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New model of staph drug resistance implicates unlikely protein

Findings may lead to new drugs that overcome resistance

Researchers at The Rockefeller University have established a new model to explain how the infectious "staph" bacterium evades several widely used antibiotics. They show that a protein previously thought to play no role in drug resistance in Staphylococcus aureus is, in fact, essential.

The new study, which is co-authored by Mariana Pinho, Hermnia de Lencastre, Ph.D, and Alexander Tomasz, Ph.D., and appears in the August 21 online edition of the Proceedings of the National Academy of Sciences, emphasizes the importance of looking for new antibiotics that target this protein.

"Mariana's work shows that the old model of drug resistance in staphylococci is no longer tenable," says Tomasz, principal investigator of the research and professor at Rockefeller.

Since the introduction of antibiotics in the 1940s, Staphylococcus aureus, the number one cause of potentially life-threatening hospital-borne infections, has developed several mechanisms to beat the potentially lethal effects of chemotherapeutic agents. Of these bacterial tricks, the most important was the acquisition of a foreign gene - the mecA gene - that confers resistance to methicillin in addition to penicillin and a host of other antibiotics, all belonging to what scientists refer to as the beta-lactam class of antibiotics.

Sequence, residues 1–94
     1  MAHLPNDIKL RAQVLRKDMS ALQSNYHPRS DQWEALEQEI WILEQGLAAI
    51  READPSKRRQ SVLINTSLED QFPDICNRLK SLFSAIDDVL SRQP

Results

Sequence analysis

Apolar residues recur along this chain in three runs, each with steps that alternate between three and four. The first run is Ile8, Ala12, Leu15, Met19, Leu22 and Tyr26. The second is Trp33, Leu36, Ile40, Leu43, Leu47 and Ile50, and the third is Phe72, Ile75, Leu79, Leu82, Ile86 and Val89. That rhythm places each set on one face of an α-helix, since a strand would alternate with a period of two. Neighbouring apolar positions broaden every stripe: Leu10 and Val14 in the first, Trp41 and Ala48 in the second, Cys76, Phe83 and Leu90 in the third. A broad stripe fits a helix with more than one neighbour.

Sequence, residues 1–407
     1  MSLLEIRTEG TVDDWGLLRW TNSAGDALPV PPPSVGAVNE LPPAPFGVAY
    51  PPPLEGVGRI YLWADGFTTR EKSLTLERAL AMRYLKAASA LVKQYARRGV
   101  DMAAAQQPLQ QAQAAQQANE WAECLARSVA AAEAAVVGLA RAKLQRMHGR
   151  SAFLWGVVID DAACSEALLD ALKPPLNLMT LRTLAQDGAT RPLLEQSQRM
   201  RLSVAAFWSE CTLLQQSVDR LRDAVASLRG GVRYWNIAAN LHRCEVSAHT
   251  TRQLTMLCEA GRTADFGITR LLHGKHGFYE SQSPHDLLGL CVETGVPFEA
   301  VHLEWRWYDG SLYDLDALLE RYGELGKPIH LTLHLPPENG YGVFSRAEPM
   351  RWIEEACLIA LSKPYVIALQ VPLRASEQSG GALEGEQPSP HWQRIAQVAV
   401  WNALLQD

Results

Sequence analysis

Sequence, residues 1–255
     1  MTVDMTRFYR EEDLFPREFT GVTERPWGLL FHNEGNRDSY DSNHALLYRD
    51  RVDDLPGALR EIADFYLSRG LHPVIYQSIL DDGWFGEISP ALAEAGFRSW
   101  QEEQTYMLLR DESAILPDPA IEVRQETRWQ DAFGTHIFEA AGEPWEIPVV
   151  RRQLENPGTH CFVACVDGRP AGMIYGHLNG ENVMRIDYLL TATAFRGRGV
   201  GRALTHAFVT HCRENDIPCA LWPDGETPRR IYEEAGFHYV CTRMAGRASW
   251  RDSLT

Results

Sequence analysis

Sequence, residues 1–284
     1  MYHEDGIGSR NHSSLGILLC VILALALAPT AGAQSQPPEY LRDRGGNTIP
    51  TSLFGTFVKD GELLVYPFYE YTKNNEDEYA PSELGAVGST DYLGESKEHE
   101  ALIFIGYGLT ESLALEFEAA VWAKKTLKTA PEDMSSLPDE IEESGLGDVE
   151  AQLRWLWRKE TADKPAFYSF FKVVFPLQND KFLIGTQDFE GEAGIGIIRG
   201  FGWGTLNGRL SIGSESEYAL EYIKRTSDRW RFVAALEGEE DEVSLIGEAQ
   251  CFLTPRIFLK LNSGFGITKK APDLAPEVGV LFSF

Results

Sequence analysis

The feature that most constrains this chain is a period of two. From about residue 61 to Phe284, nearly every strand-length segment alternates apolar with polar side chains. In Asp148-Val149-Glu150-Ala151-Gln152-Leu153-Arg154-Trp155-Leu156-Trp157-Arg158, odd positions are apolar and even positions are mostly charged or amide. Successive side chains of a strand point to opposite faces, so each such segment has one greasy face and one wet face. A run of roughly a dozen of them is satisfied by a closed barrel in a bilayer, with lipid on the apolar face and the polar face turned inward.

Today, almost half of all staphylococcal infections in U.S. hospitals are caused by these methicillin-resistant S. aureus (MRSA) strains. By studying the bacteria's resistance mechanisms at the molecular level, researchers in the Laboratory of Microbiology at Rockefeller, working with researchers in the Laboratory of Molecular Genetics at the Instituto de Tecnologia Qumica e Biolgica, Universidade Nova de Lisboa, Portugal, hope to come up with new strategies for fighting such resilient microbes.

The beta-lactam class of antibiotics kills bacteria by binding to and inacti
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Contact: Whitney Clavin
clavinw@rockefeller.edu
212-327-7900
Rockefeller University
21-Aug-2001


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